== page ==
Brisbane is the capital city of Queensland, the sunshine state in Australia. Just five kilometres west of Brisbane’s Central Business District is a very special place, Mount Coot-tha.
Place of Honey
Mount Coot-tha is an extensive forest park with one thousand five hundred hectares of open eucalypt forest which is part of the Brisbane City Council. The area was originally home to the Turrbal Aboriginal people who called the area “kuta”, meaning honey. Aboriginals collected honey from bee hives of native stingless bees found in the area. I have written an article on these Aussie bees and their delicious honey which can be read here. Unfortunately thousands of colonies of these little bees, along with koalas and other animals were destroyed in the recent Australian horrific bush fires. Read more in the short poem, Whilst Australia Burns.
After driving for about ten or so minutes after leaving Brisbane city you will pass through the suburb of Toowong and arrive at the Mount Coot-tha Botanical Gardens. If you do not have a car, and do not wish to use a cab, that will not be a problem. Brisbane City council’s bus service will take you right to the gardens entrance. Catch the 471 bus from Adelaide Street in the city. If you visit Brisbane and you do not visit Mount Coot-tha, you are missing out.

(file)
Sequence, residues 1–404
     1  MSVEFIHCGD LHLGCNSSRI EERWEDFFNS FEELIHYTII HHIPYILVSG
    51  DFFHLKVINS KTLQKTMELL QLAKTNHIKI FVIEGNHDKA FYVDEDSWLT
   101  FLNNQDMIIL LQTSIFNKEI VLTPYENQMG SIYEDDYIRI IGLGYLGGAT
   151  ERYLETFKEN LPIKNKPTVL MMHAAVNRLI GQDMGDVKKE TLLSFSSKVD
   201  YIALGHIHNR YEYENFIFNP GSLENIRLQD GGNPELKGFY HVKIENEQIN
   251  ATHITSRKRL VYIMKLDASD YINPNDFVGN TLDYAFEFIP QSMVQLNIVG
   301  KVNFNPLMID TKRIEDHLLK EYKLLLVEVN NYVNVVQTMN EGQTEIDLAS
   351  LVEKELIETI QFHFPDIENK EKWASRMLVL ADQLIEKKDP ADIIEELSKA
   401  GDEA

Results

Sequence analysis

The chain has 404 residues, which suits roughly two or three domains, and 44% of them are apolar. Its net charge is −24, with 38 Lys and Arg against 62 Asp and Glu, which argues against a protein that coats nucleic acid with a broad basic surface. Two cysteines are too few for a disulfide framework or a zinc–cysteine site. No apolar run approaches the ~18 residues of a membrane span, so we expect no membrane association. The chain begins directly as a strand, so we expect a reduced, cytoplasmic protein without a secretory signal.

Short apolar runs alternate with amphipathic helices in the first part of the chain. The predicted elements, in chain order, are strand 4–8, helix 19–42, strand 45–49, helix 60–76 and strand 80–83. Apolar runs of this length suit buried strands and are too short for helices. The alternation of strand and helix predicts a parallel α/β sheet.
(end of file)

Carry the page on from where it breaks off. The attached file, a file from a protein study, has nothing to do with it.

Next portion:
The public car park is just beyond the main entrance to the gardens, and at the rear of the car park is an impressive looking white building called the Sir Thomas Brisbane Planetarium.
Entry to the Planetarium is free, however there is a charge for attendance at the shows. The planetarium includes a Cosmic Skydome which has a 12.5 metre diameter projection dome. Here you will be able to enjoy a show which includes a Brisbane’s night sky display.